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Citation Guide: APA Style

This is a guide to help students to cite resources correctly and avoid plagiarism in their projects and assignments. The guide will focus on the APA and MLA formats of citations, and will go over what constitutes plagiarism.

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APA Style

The American Psychological Association formatting style is used most often in the social and behavioral sciences. Learn basic rules on how to format the body of your work, in-text citations, and reference lists in this guide. This guide is only an introduction; for detailed instructions visit the Purdue University Online Writing Lab (Purdue OWL) APA Style Guide.

In general, the APA requires papers to be double spaced and formatted with 1" margins all around, with a size 12 font (Times New Roman is recommended). The paper must have a title page as well as a header with the title of the paper flush left on each following page.

In-Text Citations

Whenever you refer to information gotten from an outside resource, such as a textbook, database, website, or journal, you must include an in-text citation indicating your source. This includes direct quotations as well as summaries or paraphrasing of information. Your in-text citation should appear in parentheses after the quotation or paraphrase, and should follow the (Author, Date) format. For direct quotations from a book or article, the page number must be included as well. If the source does not list an author, use the title of the source in quotes followed by the date of publication. For detailed instructions on how to format your in-text citation, visit the Purdue OWL In-Text Citations Guide.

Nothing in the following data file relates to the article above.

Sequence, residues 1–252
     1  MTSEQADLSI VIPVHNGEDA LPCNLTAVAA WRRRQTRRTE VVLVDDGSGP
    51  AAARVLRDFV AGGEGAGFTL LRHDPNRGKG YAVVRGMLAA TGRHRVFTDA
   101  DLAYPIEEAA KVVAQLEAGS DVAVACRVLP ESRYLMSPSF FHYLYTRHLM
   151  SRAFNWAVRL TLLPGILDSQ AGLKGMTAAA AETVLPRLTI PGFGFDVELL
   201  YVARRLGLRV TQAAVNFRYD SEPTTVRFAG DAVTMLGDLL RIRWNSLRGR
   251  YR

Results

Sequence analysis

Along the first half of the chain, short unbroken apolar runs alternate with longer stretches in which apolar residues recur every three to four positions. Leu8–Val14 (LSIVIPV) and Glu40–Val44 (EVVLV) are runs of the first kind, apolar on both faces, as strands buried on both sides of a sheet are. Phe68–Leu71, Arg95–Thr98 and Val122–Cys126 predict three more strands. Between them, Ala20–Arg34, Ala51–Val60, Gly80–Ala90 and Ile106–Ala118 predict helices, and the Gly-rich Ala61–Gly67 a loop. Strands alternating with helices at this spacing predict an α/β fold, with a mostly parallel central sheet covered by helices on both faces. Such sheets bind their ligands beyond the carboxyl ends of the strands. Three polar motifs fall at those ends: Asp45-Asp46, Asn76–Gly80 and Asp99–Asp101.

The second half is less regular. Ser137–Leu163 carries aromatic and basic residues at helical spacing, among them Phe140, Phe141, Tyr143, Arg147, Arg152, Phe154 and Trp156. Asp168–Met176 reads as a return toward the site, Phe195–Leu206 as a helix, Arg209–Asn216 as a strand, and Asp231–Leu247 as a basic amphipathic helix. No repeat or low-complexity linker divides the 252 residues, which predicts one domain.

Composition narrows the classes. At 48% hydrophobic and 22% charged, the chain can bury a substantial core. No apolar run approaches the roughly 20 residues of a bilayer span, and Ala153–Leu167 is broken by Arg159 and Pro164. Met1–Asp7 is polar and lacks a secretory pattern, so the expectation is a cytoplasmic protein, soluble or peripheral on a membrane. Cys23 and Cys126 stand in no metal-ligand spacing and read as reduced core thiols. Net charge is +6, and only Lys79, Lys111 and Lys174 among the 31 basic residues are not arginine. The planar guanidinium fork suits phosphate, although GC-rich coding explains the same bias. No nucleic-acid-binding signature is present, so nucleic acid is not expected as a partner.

Reference List

Every resource used must be listed on your reference list at the end of your work. Any source you cite in-text must be listed in full bibliographic format. Sources must be listed alphabetically by author's last name. Sources must also be formatted with a hanging indent, meaning the first line of the citation is flush left, but any subsequent line is indented by one half inch.

How the citation is formatted depends upon the type of resource used. Books, articles, other print resources, and electronic resources all have different formats. In general, citations follow the following order: author, year, title, publisher. Depending on the source, however, you may have to include other information like journal title, volume and issue numbers, website DOI or URL, page range and title for an encyclopedia, or more. For detailed instructions on how to format your reference page citation, visit the Purdue OWL Reference List Guide.

Examples

Book

Author, A. A. (Publication Year). Title. Location of Publication: Publisher.

Online Journal Article

When available, APA recommends that citations include an electronic resource's Digital Object Identifier, or DOI, over a website URL. The DOI functions like a permanent electronic fingerprint, unlike URLs which can change or break. The DOI can usually be found on an article's front page near the copyright notice.

Author, A. A. & Author, B. B. (Publication Year). Title. Journal Name, Volume Number (Issue Number),

page range. doi:

Acevedo-Gil, N., & Zerquera, D. D. (2016). Community College First-Year Experience Programs:

Examining Student Access, Experience, and Success from the Student Perspective. New

Directions For Community Colleges, 2016 (175), 71-82. doi: 10.1002/cc.20213

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